Also remember that a permit reservation is not the same as the actual permit. Before you commence your hike, you will need to obtain your actual permit from the Kolob Canyon visitor center. Until you actual have the paper permit in hand, and until you’ve demonstrated to the issuing ranger that you understand Leave No Trace principles and that you are ready for your endeavor, you will not be able to start your hike. Yes, this process is as convoluted as it sounds, but so it goes with National Parks as popular as Zion.

Whether you have jumped through all the hurdles or simply wish to dayhike, you will start from the Lees Pass Trailhead that grants access to the La Verkin Creek Trail. The parking area is about 100 yards south from the actual trailhead. Before you even set out for the trail, you will no doubt notice the deep red sandstone cliffs and buttes divided by deep canyons due east from the trailhead. These are the Kolob Finger Canyons, about which much more will be said later.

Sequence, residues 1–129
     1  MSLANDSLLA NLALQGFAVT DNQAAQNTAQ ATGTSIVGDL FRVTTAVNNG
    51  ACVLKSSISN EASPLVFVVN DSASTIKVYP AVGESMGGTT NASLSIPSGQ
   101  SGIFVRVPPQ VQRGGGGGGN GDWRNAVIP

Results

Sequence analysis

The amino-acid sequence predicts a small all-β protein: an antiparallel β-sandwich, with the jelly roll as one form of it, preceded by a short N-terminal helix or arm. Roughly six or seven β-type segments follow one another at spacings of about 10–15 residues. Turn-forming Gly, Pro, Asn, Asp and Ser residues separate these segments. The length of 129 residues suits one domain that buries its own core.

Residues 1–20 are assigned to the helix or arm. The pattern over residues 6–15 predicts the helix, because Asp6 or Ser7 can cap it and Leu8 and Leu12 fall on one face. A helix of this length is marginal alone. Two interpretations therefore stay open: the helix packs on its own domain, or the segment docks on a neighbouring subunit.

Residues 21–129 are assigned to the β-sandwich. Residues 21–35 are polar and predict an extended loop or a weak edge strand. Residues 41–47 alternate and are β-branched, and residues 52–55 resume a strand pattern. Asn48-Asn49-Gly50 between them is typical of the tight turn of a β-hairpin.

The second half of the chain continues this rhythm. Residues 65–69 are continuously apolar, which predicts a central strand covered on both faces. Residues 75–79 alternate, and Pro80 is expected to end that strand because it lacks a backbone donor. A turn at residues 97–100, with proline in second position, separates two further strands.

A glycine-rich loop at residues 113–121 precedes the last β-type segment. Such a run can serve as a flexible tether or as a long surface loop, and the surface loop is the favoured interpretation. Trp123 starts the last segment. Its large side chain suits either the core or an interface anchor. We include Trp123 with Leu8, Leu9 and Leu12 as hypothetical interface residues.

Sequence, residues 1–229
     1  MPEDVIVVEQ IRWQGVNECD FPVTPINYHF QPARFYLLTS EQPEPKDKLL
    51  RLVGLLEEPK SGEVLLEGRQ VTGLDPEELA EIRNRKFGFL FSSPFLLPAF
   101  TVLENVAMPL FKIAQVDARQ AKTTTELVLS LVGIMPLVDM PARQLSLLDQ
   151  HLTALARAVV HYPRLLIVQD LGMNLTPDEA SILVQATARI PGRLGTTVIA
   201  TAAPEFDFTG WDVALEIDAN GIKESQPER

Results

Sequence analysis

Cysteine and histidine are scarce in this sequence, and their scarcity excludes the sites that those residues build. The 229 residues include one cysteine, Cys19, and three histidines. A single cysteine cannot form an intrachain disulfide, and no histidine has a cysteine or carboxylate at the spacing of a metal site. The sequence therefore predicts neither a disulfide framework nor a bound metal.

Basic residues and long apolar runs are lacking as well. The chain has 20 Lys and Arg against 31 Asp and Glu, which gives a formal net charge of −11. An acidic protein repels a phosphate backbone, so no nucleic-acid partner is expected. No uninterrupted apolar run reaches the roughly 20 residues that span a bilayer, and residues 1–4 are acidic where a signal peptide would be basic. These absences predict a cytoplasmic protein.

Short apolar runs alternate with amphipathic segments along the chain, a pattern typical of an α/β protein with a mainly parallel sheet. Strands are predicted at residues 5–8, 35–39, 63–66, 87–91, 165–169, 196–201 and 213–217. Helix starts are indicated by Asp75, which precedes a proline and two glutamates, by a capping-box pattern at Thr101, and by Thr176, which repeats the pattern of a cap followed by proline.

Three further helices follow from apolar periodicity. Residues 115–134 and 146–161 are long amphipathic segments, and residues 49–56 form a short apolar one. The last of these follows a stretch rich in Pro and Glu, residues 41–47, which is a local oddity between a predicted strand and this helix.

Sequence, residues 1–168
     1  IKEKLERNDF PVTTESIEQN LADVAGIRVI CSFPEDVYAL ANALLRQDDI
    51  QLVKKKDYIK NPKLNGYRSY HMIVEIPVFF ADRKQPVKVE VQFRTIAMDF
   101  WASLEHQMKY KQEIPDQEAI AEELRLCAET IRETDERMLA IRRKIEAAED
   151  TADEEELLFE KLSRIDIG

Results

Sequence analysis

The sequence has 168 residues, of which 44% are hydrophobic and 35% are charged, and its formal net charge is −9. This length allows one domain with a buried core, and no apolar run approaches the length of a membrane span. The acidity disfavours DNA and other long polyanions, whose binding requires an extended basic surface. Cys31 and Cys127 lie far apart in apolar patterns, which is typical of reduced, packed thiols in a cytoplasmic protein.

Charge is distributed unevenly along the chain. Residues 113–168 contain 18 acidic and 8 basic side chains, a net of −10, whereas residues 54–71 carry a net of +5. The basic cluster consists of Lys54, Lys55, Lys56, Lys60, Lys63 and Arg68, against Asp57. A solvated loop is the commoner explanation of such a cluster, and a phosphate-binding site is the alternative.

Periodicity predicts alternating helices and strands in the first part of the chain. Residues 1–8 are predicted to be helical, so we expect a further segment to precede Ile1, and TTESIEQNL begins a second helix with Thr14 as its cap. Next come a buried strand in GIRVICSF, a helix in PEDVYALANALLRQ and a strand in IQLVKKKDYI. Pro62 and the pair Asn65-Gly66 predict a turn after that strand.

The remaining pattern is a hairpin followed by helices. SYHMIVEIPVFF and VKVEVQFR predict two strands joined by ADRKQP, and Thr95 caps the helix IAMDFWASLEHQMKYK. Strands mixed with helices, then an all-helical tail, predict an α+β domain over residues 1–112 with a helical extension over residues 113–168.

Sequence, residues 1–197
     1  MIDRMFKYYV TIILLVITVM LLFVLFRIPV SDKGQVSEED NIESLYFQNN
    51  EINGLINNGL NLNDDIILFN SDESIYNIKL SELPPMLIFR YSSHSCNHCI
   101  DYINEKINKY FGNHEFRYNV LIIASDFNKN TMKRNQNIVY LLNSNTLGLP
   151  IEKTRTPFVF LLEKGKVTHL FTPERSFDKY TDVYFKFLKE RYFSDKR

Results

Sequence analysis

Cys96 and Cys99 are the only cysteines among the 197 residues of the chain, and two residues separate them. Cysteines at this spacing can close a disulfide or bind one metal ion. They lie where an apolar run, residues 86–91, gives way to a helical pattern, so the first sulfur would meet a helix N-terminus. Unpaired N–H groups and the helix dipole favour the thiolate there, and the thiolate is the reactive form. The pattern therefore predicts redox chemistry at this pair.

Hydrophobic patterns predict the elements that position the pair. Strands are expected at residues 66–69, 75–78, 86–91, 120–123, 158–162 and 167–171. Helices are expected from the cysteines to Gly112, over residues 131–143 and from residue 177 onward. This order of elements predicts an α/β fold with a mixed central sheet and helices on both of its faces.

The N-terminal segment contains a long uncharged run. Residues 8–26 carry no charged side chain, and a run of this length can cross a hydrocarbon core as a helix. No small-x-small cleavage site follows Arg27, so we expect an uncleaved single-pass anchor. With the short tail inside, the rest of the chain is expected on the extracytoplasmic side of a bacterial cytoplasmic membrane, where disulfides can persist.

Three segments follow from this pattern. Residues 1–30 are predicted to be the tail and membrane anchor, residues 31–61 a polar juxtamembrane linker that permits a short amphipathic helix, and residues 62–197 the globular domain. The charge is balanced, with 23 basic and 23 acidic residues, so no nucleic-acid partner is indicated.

Once on the trail, begin a steady decline into the broad confines of Timber Creek Canyon. After winding into and out of a ravine, the trail drops at a steeper rate along a wooded ridge separating two forks of Timber Creek. Pinyons and junipers dot the ridge, while views down Timber Creek Canyon and east toward the Kolob Canyons will maintain your interest. Each downhill step signals future regret, as you will have to climb this occasionally steep ridge at the very end of your hike.